Under the Gimnazija Act, a pupil has the right to object to a grade in an individual subject, while the Act does not grant this right to parents.

2. Actual content of the right – some examples

2.1 Freedom of dress

The concept of expression of opinion does not only cover words or speech, it also relates to images, appearances, symbolic expression and even clothes. Slovenia has no regulations determining the mode of dress in schools, and individual schools are not allowed to prescribe uniforms or other compulsory garments (the exceptions are protective clothing for specific subject and sportswear). Under the previous regime, in around 1960, the school authorities made several attempts to introduce uniforms, as a way of hiding social differences. These attempts soon failed, however, owing to the reluctance of parents, who had to pay for the uniforms. Today not even private schools have the right to prescribe a uniform, while faith schools may not prescribe compulsory religious symbols.

Furthermore, pupils’ clothes, jewellery, hairstyle and make-up may reflect their beliefs, and teachers may not persecute them on these grounds, except if they are a cause of disturbance in class or if these symbols violate the rights of others (e.g. cause offence to those who think differently, those with different religious beliefs and so on).

2.2 Religious freedom

In Slovenia the separation of religious communities and the State is determined by the Constitution. For this reason, religious symbols may not appear in schools, and under an express legal provision also confirmed by a decision of the Constitutional Court, no confessional activities may be carried out in schools. The expression of faith on the part of a public school would mean a violation of the rights of all pupils not members of this faith. For this reason too there is no prohibition or persecution of the displaying of religious symbols on the clothes, jewellery or hairstyles of pupils, who are free in this type of expression of belief. Their freedom is only limited by the right of others not to be offended by these symbols or badges or otherwise have their rights encroached on by them.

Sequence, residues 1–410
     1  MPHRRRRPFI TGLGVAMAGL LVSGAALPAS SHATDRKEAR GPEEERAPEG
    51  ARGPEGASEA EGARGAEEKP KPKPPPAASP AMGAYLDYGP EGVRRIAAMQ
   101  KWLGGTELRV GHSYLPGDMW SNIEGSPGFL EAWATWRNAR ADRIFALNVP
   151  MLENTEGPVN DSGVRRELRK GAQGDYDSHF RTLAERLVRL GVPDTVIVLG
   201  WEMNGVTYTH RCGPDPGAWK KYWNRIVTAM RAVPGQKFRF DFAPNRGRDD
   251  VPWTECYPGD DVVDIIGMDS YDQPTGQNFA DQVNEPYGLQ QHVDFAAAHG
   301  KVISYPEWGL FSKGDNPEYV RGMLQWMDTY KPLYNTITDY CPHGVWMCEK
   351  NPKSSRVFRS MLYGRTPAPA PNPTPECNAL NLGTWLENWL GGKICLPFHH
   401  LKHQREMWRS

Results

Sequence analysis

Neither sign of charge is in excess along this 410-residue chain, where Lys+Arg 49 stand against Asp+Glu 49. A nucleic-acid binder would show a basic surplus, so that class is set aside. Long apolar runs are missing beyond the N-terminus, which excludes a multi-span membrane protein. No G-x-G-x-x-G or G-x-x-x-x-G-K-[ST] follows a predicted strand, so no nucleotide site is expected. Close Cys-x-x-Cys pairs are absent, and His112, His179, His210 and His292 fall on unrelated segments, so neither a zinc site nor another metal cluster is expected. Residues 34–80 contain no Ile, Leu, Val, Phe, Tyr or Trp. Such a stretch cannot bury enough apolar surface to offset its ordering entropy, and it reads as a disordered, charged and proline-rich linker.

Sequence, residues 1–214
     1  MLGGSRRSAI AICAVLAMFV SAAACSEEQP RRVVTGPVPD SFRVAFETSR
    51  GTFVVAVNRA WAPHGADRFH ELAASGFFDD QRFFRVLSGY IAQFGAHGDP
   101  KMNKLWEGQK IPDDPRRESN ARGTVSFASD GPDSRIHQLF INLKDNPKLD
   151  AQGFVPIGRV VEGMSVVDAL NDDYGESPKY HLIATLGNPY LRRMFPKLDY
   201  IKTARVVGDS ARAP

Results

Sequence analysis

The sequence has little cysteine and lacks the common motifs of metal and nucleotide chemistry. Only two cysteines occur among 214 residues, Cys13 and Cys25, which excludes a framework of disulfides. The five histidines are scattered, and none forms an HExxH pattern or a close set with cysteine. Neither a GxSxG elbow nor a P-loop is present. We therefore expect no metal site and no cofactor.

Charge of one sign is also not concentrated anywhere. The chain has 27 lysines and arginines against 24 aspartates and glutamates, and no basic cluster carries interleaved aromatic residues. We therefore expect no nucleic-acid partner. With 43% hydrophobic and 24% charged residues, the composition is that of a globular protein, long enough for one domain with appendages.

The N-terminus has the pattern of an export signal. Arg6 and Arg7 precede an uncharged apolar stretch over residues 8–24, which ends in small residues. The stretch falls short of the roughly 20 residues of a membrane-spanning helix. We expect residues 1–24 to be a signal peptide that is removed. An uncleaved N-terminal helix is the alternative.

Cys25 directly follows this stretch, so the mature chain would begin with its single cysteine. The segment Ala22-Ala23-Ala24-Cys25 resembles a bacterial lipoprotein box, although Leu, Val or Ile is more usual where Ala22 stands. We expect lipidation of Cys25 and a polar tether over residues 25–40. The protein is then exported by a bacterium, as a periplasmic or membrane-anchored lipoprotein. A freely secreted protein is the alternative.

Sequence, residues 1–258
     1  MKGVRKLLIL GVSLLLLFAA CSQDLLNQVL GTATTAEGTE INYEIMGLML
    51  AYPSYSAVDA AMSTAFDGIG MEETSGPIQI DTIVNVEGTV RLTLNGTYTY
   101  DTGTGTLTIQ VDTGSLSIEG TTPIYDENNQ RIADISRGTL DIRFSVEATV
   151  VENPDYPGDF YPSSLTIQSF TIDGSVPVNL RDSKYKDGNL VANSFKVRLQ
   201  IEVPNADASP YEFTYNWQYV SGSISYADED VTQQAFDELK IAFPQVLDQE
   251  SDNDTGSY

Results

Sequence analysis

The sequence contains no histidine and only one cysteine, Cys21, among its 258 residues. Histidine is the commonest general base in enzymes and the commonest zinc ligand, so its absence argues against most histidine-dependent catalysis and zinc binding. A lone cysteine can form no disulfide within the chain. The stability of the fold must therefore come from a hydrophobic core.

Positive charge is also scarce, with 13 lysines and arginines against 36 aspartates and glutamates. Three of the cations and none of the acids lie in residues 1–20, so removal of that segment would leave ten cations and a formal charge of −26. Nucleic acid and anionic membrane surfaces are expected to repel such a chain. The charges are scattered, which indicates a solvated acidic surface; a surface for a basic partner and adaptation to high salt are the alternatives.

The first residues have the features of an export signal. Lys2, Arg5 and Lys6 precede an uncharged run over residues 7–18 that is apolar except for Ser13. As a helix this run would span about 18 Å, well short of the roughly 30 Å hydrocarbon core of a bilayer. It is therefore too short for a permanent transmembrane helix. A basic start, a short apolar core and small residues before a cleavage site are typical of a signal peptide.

Another legitimate objective of limiting freedom of expression may be ‘protection of honour or rights of others’. This enables a school to prevent a teacher from exposing his pupils to his own subjective moral or religious views. By way of example allow me to cite a problem that we dealt with last year, when a teacher refused to work with pupils on Saturdays because of his religious beliefs. The school governors were of the view that this constituted a violation of his contract of employment but the teacher insisted that his freedom of religion had been violated. He applied to the ombudsman, who however did not agree, since he considered that the teacher’s religious beliefs were part of the right to privacy, which however he could not exercise at the expense of the children on whose account he was employed at the school, since in this specific case his right represented an inadmissible encroachment on the children’s right to education.

Another problem still very fresh in our minds occurred when the Government of the Republic of Slovenia recommended to all state bodies, institutions and inhabitants of the Republic of Slovenia the observance of a minute’s silence to honour the memory of Pope John Paul II. Some individuals in the media called for the intervention of the Human Rights Ombudsman, on the grounds that the Government’s recommendation violated the rights of non-believers, where children in schools were considered to be particularly exposed because they had no way of avoiding this event. The ombudsman did not intervene, since we felt that the Government’s decision was merely a recommendation that everyone was free to observe in accordance with his or her own beliefs. In the ombudsman’s opinion, a minute’s silence for someone who has died is an expression of respect and does not involve a religious definition or the imposition of religious customs or values. This was also our published position. As it turned out, schools reported no difficulties in relation to this issue.

2.3 Expression of opinions outside school